By: Mordy Tiefenbrunn, M.S.W.
“I can’t wear that...” “I’d love to go out for ice cream, but I just can’t bear the thought of everyone looking at me like that..." "I need to cover my face, I'm all spotted”, “There’s no way anyone could possibly find me attractive like this...”
For anybody, these are things that may be thought or felt every now and then. For people with Psoriasis, these thoughts and subsequent feelings could be and often are a daily struggle. Waking up in the morning and looking in the mirror, people who have Psoriasis are forced to struggle with the painful reminder that they have a condition that makes them look different, or they may even feel that they are simply difficult to look at. Having Psoriasis is also uncomfortable and even painful, the spots can be itchy, raw, sore, etc, and can leave someone with simply no patience or desire to do anything. It causes people to need to take days off from work to recuperate, cancel dates or appointments, which can lead to feeling shame, inferior, or embarrassment.
Nobody wants to feel this way! However, it is widely known in the world of psychology that there is a deep interwoven connection between our thoughts, emotions, and subsequent behaviors. In the case of a psoriasis fighter, an example of this relationship could be something along the lines of “Who could possibly want to be friends with someone who looks like this?” (negative thought), which would cause that person to feel sad, depressed, lonely, etc (emotions), thereby making him/her closed off from other people and avoid social encounters, dress in a way to avoid attention, or the like. (behavior) When someone has negative thoughts about their body and self-image, it impacts the way they feel and act and in a profound way, and it can be very easy to fall into these thoughts when dealing with psoriasis sores and spots all over their skin.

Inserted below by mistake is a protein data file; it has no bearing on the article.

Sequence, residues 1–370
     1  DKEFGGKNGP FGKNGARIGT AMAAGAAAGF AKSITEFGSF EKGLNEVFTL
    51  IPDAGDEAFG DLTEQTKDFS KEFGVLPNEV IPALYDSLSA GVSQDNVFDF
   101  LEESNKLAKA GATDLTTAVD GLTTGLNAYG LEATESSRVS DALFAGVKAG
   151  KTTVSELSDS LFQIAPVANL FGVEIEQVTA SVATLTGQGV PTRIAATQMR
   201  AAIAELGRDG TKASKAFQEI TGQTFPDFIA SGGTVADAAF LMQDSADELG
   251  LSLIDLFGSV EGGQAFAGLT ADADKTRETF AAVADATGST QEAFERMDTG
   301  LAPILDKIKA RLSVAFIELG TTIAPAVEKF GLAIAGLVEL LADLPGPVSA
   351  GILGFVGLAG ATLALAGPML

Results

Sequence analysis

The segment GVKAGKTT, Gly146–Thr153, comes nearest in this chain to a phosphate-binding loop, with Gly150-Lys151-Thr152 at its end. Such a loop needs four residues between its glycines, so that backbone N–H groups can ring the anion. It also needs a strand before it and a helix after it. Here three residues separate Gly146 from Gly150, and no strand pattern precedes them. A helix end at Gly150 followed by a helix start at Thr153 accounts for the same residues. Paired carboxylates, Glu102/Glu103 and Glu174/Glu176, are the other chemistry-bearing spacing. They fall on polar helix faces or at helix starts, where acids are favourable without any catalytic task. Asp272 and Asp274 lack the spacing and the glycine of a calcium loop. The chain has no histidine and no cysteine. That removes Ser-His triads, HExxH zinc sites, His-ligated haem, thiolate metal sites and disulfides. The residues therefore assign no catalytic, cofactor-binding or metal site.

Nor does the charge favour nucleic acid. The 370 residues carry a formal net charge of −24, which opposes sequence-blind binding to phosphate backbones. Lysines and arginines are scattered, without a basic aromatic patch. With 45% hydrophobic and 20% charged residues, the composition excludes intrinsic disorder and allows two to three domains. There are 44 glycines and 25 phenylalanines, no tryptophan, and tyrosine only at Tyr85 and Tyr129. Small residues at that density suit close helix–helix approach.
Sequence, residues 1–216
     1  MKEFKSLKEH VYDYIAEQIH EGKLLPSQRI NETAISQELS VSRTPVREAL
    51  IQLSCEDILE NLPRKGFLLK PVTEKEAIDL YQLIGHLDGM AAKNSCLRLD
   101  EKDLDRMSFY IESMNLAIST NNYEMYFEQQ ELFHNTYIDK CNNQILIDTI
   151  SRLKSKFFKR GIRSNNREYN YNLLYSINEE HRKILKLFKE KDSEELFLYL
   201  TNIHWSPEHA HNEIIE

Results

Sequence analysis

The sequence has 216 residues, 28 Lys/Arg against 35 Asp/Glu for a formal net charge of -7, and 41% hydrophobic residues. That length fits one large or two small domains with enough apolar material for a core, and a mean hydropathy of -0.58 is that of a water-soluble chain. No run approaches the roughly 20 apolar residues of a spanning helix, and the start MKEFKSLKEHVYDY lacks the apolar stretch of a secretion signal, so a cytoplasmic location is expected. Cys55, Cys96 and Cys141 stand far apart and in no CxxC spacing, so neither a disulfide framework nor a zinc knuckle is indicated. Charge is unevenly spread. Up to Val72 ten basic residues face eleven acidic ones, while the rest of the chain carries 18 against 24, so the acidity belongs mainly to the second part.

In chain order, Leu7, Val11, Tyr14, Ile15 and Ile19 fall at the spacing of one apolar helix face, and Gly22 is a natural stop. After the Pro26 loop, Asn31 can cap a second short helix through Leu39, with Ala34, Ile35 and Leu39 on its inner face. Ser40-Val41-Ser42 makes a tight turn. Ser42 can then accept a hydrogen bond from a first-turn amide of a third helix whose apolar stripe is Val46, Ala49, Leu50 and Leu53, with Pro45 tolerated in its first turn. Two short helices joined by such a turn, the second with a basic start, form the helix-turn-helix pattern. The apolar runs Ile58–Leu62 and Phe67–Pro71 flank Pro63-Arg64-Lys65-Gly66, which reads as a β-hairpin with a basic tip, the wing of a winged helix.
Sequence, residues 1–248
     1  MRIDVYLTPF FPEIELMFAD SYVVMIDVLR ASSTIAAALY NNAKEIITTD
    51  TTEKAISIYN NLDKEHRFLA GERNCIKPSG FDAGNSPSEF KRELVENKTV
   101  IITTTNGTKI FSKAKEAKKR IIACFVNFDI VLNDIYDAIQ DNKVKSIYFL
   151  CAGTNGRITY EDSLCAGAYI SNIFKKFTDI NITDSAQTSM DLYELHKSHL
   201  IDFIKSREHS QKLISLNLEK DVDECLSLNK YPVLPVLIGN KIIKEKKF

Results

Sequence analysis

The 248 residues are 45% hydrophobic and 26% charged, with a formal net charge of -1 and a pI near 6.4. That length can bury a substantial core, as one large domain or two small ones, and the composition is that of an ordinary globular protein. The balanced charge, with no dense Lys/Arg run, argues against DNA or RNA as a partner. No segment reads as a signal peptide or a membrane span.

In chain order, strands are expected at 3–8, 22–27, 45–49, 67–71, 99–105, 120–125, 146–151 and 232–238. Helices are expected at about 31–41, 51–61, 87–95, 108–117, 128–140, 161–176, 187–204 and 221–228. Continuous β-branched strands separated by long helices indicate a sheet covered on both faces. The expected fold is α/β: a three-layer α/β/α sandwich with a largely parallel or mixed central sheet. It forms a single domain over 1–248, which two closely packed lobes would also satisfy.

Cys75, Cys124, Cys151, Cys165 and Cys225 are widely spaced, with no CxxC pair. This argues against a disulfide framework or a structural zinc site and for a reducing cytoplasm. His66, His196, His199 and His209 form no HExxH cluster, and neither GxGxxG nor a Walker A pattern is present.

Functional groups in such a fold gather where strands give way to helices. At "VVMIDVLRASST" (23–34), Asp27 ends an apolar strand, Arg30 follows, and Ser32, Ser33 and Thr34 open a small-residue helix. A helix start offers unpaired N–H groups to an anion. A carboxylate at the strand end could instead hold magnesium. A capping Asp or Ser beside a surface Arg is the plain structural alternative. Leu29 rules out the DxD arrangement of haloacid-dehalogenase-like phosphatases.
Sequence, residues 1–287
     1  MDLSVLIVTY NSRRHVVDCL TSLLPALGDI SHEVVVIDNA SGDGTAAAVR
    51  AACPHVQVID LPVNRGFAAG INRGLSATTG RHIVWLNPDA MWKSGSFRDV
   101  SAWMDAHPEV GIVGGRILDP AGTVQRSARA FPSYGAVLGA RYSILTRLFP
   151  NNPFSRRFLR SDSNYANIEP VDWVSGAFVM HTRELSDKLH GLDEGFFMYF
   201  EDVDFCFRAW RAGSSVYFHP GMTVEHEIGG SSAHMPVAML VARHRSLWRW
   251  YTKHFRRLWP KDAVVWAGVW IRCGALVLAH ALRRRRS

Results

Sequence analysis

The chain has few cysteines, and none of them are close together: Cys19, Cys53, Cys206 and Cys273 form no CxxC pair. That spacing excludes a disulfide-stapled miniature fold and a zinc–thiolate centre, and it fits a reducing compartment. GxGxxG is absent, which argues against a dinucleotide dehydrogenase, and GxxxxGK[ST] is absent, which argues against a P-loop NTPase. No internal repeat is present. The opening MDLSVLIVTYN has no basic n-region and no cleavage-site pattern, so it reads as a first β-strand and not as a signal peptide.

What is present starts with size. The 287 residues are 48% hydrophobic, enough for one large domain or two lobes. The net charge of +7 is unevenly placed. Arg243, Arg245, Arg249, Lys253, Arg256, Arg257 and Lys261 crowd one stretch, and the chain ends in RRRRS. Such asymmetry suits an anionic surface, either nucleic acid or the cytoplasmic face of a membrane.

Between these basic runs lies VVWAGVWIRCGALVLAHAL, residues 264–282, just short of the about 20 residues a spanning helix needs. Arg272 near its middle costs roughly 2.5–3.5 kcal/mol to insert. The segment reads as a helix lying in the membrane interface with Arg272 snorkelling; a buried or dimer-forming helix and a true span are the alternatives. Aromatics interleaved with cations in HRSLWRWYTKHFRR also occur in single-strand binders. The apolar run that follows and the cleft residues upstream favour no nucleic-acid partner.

The Cognitive-Behavioral Therapy method deals heavily with working on compartmentalizing this triad so that when these thoughts come into one’s head, they can catch them and re-route them so that their emotions are not affected. Taking our example from above, our friend with Psoriasis can say to himself something like “there are many people in the world who do not base friendships off of purely external factors such as looks or a skin blemish”. Alternatively, they could say to themselves “there is nothing wrong with how I look, my Psoriasis does not change who I am as a person.”
A study in 2014 (Shah & Bewley, 2014) talks about a woman who sought out psychological treatment from a dermatology psychologist specialist because she felt she wore her psoriasis as a “badge of shame”, which came about through her painful body self-image. As a young girl, she had been raped by a family member, after which point her psoriasis began. The study goes on to say that she had been in and out of therapies for years, including CBT therapy, but no one had ever really dealt with the feelings of shame and wishing for belonging she held towards her sisters and desire to be included. The study concludes that there is much work to be done in the field of dermatological psychology, and people with psoriasis really need a much more holistic intervention approach when being treated.
Having painful thoughts about one’s psoriasis that affect self-esteem, body image, and overall confidence in one’s abilities and overall functioning is normal. Our goal here at 7Chairs is to help our new friends overcome these thoughts and feelings so that they once again can live the happy, confident, and capable lives that they deserve.
**Shah, R., & Bewley, A. (2014). Psoriasis: the badge of shame’. A case report of a psychological intervention to reduce and potentially clear chronic skin disease. Clinical and Experimental Dermatology, 39(5), 600–603. https://doi.org/10.1111/ced.12339